Announcing Stack Overflow Documentation

We started with Q&A. Technical documentation is next, and we need your help.

Whether you're a beginner or an experienced developer, you can contribute.

Sign up and start helping → Learn more about Documentation →

A few days ago I was told that recent versions of g++ produce "better" x86 code than MSVC 2008. Basically GCC with full optimization produces faster applications than MSVC with full optimizations.

While it's certainly correct to state that this, if true, depends a great deal on the application and the C++ code used (and I'm in the process of evaluating this claim for my application), I'm wondering what do others think.

In essence, what have been your personal experiences when comparing the output of these two compilers?

I'm asking about MinGW, but if your experience with vanilla GCC is somehow valid here, feel free to share that too.

share|improve this question

closed as not constructive by Mooing Duck, Bo Persson, Matthew Strawbridge, Tim Gostony, Soner Gönül Jan 18 '13 at 23:33

As it currently stands, this question is not a good fit for our Q&A format. We expect answers to be supported by facts, references, or expertise, but this question will likely solicit debate, arguments, polling, or extended discussion. If you feel that this question can be improved and possibly reopened, visit the help center for guidance.If this question can be reworded to fit the rules in the help center, please edit the question.

Personally, I think you should mark this as subjective specifically BECAUSE you are asking for personal experiences (as opposed to an authoritative answer). Community wiki might not hurt either, as a preemptive measure (and as you have run out of tags). – John Y Feb 6 '10 at 23:13
This kind of comparison is really hard to generalize. One compiler may do better on one benchmark, and another on another. On top of that, it all depends on who the programmer is and how hard they tried to tune it. A programmer working with a particular compiler can tweak the code to where it is nearly as fast as it can possibly get. Optimization is fine for hotspot code, but there is no substitute for careful hand-tuning in conjunction with a decent optimizing compiler. At that level, if there is a difference between compilers, it is ephemeral. – Mike Dunlavey Feb 6 '10 at 23:50
@John: CW shouldn't be used to preempt anything, and it's a mistake to use it because you don't think some question or answers deserve rep, for whatever reason. CW should be for questions that only elicit answers directed not at the OP, instead at the "community". Compare "what programming cartoon best fits my scenario of ...?" vs "what are good programming cartoons?" Lucas is capable of selecting an answer that helps him best for the question he asked, or he could also reword it to be more CW-directed. But you're right about subjective. – Roger Pate Feb 6 '10 at 23:53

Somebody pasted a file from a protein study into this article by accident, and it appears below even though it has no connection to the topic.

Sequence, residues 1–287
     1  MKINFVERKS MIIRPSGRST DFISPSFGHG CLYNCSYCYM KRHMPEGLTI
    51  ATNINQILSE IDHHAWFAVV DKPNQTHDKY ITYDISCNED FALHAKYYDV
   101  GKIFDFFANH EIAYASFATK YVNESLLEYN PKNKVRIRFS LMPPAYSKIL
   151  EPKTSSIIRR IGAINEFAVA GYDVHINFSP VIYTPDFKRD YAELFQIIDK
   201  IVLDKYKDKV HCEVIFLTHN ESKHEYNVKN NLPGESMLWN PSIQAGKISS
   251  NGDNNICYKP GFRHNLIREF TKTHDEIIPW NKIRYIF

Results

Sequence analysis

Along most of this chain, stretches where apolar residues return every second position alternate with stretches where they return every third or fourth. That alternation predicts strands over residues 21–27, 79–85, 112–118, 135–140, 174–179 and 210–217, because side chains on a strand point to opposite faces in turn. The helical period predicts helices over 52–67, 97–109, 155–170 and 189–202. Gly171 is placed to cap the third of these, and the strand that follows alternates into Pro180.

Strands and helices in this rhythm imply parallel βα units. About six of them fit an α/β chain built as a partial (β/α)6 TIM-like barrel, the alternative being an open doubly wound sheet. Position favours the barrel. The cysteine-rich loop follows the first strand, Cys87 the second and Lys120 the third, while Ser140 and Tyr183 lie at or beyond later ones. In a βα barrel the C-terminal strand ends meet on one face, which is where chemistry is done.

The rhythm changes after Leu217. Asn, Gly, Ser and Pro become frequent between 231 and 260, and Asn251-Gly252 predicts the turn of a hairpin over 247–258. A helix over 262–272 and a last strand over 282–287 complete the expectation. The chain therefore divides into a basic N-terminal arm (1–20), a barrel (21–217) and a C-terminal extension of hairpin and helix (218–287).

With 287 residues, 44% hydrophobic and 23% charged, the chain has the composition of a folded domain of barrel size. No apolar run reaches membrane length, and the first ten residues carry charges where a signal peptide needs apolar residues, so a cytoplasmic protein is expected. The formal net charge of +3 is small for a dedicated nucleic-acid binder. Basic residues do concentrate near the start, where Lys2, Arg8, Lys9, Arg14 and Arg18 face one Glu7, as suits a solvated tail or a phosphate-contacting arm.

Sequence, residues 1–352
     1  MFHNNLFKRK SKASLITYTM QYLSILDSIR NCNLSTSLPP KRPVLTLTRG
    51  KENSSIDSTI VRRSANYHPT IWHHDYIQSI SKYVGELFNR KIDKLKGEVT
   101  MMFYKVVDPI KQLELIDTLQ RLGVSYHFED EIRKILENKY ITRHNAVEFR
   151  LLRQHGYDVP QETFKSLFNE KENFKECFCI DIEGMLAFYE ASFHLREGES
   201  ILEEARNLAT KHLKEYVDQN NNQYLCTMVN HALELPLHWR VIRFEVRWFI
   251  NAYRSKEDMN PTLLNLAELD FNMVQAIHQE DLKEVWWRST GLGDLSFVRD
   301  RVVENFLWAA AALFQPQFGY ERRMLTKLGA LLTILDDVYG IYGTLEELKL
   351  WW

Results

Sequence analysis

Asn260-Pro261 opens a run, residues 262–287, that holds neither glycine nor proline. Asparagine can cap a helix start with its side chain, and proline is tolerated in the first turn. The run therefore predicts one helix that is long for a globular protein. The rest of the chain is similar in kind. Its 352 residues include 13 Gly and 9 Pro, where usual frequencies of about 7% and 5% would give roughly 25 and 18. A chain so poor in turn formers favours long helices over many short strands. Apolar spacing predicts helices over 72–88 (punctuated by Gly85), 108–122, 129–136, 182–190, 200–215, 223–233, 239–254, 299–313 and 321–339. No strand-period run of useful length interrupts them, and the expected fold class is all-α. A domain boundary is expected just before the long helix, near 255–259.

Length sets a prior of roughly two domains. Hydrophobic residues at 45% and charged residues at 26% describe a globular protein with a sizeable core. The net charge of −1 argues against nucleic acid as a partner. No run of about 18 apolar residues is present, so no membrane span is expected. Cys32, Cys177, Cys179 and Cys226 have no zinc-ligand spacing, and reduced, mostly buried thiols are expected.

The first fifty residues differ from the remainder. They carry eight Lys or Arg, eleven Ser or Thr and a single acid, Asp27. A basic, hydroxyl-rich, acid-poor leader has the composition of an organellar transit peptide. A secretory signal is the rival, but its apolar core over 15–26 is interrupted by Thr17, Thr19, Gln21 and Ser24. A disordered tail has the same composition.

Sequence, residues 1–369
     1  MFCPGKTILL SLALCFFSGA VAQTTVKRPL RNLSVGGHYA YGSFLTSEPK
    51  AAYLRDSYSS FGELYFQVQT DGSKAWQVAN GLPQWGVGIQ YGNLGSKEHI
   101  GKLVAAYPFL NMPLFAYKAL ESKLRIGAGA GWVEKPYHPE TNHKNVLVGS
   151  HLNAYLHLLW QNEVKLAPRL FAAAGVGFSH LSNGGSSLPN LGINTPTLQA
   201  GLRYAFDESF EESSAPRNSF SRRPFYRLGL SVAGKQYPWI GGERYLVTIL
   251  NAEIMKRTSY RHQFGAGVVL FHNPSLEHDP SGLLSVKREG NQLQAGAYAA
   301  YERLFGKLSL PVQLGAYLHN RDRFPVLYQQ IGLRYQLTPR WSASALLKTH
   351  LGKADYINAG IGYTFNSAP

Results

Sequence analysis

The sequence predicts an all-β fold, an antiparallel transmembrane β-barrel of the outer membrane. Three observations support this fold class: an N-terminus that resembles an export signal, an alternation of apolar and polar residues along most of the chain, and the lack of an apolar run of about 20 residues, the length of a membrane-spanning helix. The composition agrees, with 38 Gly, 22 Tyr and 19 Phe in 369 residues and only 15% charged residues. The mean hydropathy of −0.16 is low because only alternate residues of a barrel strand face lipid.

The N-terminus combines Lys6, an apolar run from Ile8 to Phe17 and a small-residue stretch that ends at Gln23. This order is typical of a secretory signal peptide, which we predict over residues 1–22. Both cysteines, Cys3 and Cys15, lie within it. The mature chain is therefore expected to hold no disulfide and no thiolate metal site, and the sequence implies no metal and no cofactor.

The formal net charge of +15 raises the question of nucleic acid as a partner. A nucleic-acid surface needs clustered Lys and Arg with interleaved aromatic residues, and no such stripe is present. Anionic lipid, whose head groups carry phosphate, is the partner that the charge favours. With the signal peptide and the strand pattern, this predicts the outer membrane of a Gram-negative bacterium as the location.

up vote 5 down vote accepted

My experience is compiling my C++ JPEG-LS image compression project. http://charls.codeplex.com

For me, Visual C++ was significantly faster.

I compiled it mostly with G++ on linux. After a lot of tuning, the G++ version was still about 10-15% slower on the same hardware (the same physical machine, dual booted as linux). That was after many hours of searching for G++ optimization options that actually helped. Just compiling with default optimizations G++ was 60% slower than Visual C++.

My project is perhaps somewhat a-typical because it is not C, but C++ and requires the compiler to do a lot of inlining. On both compilers, I enforce inlining to happen.

Also, it was offered to me as an explanation that the x86 has very few registers, and G++ was not good at allocating them.


For a more thorough comparison of microsoft and gnu compilers, go to this C compiler benchmark. According to how I read these figures, the difference between Microsoft and GCC for 32 bit are on par with each other, although GCC is tested with profile guided optimization(PGO) and Microsoft isn't (there's no PGO in VS Express).

Without PGO, Microsoft is faster on 32 bit. On 64 bit, GCC is faster. Intel is still faster than either on either platform.

share|improve this answer
which G++ version did you use ? – smerlin Feb 6 '10 at 23:35
By "default optimizations", do you mean "-O3"? Or just "default", meaning no optimizations? – Lucas Feb 7 '10 at 0:33
With "default optimization", i mean -O3. I compiled with GCC 4.2.3. I also had to force G++ to optimize for modern CPU's by hand. I also went back to the latest figures, in the end, the difference was 10-15%, not 20%. Please don't get angry. – user180326 Feb 7 '10 at 13:49
LOL, who's angry? :) You've given me a valid data point, and for that I thank you. – Lucas Feb 7 '10 at 15:37
Since no one else felt inclined to post an answer and yours is helpful and informative, I'm marking it as accepted. Thanks again! – Lucas Feb 11 '10 at 15:48

Not the answer you're looking for? Browse other questions tagged or ask your own question.